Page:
A patient presented with upper abdominal pain. His laboratory profile showed an elevated Lipase of 22,000 units. There was a prior history of acute pancreatitis, one year before, which resolved without complications. No history of gallstones or alcoholism
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Large dorsal pancreatic duct measuring 3 mm in diameter and opening into minor papilla along the medial border of second part of the duodenum.
A smaller ventral duct measuring 1.5 mm in the pancreatic head is seen which joins distal common bile duct, to open into major papilla along the second part of the duodenum . A small branch from ventral duct also joins dorsal duct.
CBD is normal and measures 4 mm in diameter. Gallbladder and cystic duct are normal. Intrahepatic biliary radicles are normal. Pancreas appears normal. No intraductal filling defects or cystic lesions are noted.
These findings favour a diagnosis of pancreas divisum.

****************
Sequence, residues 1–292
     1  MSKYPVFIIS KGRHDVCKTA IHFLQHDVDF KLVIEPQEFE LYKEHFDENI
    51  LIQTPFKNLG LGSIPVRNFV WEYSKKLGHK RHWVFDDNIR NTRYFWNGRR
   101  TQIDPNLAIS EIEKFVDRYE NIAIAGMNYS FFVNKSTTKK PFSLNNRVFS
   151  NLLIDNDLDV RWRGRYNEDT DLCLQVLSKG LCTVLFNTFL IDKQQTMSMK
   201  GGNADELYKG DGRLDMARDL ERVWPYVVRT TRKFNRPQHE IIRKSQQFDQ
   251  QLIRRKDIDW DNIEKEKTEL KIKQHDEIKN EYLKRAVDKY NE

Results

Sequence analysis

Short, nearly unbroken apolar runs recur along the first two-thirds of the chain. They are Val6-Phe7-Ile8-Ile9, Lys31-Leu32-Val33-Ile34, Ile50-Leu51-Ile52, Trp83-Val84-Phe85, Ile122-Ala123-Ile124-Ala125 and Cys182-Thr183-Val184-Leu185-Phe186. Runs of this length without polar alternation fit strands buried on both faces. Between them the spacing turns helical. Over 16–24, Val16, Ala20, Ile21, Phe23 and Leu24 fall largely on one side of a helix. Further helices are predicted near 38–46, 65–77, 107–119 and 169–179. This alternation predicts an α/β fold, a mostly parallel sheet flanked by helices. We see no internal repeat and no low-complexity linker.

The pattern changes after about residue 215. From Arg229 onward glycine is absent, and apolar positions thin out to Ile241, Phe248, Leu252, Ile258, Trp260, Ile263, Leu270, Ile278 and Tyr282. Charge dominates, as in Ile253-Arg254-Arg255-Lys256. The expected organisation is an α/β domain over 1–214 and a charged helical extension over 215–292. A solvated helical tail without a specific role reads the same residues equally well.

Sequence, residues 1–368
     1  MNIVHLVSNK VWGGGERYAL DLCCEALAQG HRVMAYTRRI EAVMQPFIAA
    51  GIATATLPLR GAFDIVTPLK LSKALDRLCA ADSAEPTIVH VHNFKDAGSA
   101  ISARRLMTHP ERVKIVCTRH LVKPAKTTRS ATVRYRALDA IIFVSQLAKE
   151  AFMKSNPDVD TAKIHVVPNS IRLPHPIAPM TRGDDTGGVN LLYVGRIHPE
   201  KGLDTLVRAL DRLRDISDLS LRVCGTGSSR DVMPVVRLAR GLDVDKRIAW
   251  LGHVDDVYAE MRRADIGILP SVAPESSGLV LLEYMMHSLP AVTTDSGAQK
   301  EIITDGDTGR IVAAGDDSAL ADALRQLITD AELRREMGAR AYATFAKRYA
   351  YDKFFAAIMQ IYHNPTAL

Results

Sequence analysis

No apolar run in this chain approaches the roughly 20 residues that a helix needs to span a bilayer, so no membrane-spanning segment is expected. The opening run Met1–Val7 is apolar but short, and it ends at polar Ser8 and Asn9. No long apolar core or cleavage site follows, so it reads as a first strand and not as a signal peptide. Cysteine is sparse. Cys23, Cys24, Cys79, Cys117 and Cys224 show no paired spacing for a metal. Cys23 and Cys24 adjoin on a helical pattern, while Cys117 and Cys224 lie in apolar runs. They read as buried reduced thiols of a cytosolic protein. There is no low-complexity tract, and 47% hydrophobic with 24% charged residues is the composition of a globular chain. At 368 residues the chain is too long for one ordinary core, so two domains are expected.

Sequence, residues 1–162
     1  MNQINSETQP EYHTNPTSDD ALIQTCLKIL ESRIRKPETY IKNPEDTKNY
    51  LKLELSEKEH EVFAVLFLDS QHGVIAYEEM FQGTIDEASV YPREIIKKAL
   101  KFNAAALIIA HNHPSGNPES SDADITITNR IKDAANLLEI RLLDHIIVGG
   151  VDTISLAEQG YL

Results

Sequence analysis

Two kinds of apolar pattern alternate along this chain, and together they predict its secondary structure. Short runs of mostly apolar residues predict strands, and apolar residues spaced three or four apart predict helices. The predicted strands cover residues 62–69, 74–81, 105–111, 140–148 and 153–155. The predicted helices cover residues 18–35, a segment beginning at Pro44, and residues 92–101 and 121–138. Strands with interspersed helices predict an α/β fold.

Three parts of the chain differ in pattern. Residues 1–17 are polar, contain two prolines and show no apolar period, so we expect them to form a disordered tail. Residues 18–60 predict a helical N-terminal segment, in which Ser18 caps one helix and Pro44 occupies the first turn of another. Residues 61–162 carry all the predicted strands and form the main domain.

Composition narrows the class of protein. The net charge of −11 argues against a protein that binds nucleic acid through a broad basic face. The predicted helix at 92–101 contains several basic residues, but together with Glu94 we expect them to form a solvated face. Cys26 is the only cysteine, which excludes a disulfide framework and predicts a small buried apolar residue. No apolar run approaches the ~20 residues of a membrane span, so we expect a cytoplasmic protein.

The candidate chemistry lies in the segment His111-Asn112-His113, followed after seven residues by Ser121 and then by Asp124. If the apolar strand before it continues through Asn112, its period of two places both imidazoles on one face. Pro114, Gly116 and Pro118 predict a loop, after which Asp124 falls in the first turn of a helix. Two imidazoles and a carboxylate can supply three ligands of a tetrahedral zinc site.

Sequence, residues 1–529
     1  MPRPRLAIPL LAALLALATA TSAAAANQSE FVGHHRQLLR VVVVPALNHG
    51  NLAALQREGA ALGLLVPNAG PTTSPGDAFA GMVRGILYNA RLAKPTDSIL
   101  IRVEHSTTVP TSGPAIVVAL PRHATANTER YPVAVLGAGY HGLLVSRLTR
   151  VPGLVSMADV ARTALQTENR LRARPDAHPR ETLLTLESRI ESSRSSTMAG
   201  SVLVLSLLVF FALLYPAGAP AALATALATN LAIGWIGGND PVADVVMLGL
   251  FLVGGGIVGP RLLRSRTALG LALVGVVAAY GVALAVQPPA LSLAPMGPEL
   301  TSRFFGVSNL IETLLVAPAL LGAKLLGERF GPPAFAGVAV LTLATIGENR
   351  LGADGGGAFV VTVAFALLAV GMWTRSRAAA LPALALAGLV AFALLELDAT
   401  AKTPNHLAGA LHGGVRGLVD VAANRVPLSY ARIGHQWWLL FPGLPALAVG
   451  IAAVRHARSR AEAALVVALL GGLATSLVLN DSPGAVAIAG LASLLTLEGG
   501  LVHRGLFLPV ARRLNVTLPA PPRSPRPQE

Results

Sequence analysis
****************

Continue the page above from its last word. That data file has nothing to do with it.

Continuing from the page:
1 case question available
A non-alcoholic patient with no evidence of gallstones presented with a second episode of abdominal pain and clinicopathological diagnosis of acute pancreatitis. MRCP was requested by the clinician with suspicion of pancreas divisum in this case of idiopathic pancreatitis.
MRCP shows a large dorsal duct draining the pancreas and opening into minor papilla along the medial border of second part of the duodenum. A small ventral duct is seen in the pancreatic head which joins the distal CBD to then open into major papilla along the medial border of second part of the duodenum. A small branch from ventral duct also joins the dorsal duct. No evidence of any cyst or filling defects related to ducts is seen. Pancreas divisum is a developmental anomaly with partial or complete failure of fusion of dorsal and ventral buds.